Big Data Exchanges: Of Shopping Malls and the Law of Gravity

Working for a Storage Systems company, we are constantly looking at both the technical as well as social/marketplace challenges to our business strategy. Leading to the coining of “Cloud Meets Big Data” from EMC last year, EMC has been looking at the trends that “should” tip the balances around real “Cloud Information Management” as opposed to “data management” which is really what dominates todays practice.

There are a couple of truisms [incomplete list]:

  1. Big Data is Hard to Move = get optimal [geo] location right the first time
  2.  Corollary = Move the Function, across Federated Data
  3. Data Analytics are Context Sensitive = meta-data helps to align/select contexts for relevancy
  4. Many Facts are Relative to context = Declare contexts of derived insight (provenance amp; Scientific Method)
  5. Data is Multi-Latency & needs Deterministic support for temporality= key declarative information architectural requirement
  6. Completeness of Information for Purpose (e.g. making decision) = dependent on stuff I have, and stuff I get from others, but everything that I need to decide.

I believe that 1) and 6) above point to an emerging need for Big Data Communities to arise supporting the requirements of the others. Whether we talk about these as communities of interest, or Big Data Clouds. There are some very interesting analogies that I see in the way we humans act; namely, the Shopping Mall. Common wisdom points to the mall as providing an improved shopping efficiency, but also in the case of inward malls, a controlled environment (think walled garden). I think that both efficiency in the form of “one stop”, and control are critical enablers in the information landscape.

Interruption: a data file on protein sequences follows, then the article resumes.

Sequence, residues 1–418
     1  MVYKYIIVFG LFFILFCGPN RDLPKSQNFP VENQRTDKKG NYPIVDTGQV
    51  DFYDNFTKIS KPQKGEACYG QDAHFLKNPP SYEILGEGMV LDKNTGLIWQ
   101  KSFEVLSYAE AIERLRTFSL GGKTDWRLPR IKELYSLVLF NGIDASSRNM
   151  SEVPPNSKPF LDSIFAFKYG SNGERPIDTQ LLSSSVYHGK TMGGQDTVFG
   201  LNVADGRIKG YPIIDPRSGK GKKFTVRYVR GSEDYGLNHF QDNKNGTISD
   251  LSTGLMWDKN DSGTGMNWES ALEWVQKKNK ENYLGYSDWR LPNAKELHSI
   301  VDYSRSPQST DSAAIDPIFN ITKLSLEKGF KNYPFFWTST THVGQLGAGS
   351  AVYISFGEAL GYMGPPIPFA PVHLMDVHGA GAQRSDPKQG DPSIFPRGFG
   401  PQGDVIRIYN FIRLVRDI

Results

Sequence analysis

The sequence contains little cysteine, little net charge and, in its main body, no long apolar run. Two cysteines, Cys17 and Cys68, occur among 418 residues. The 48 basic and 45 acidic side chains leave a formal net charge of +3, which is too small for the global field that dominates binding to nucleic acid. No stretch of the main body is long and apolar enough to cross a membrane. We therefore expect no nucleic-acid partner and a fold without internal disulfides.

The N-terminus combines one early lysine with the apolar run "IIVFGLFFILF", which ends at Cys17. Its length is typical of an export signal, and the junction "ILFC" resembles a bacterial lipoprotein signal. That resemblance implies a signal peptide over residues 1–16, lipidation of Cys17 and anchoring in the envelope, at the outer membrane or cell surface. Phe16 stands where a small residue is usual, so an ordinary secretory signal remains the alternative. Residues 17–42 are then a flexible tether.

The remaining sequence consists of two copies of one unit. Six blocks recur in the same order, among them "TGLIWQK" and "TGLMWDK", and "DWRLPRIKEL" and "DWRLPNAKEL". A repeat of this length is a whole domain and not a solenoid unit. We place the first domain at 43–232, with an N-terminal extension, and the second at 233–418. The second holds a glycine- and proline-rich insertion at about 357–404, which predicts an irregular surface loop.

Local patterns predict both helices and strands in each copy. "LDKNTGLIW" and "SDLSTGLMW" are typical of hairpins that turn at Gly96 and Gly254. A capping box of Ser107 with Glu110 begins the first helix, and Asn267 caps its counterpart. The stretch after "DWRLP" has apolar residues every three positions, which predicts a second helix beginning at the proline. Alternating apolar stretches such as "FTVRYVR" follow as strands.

Big Data Mall slideThis slide from one of my presentations supports the similarities of building a shopping mall alongside the development of a big data community. Things like understanding the demographics of the community (information needs, key values), the planning of roads to get in/out. And of course how to create critical mass = the anchor store.

The interesting thing about critical mass is that it tends to have a centricity around a key [Gravitational] Force. Remember:

Force = Mass * Acceleration (change in velocity).

This means that in order to create communities and maximize force you need Mass [size/scope/scale of information] and improving Velocity [timelyness of information]. In terms of mass, truism #1 above, and the shear cost / bandwidth availability make moving 100TB of data hard, and petabytes impracticable. Similarly, velocity change does matter, whether algorithmically trading on the street (you have to be in Ft Lee, NJ or Canary Warf, London) or a physician treating a patient, the timeliness of access to emergent information is critical. So correct or not, gravitational forces do act to geo-locate information.

Not trying to take my physics analogy too far, but Energy is also interesting. This could be looked at as “activity” in a community. For energy there is an interesting both kinetic and potential models. In the case of the internet, the relative connectedness of information required for a decision could be viewed in light of “potential”. Remember: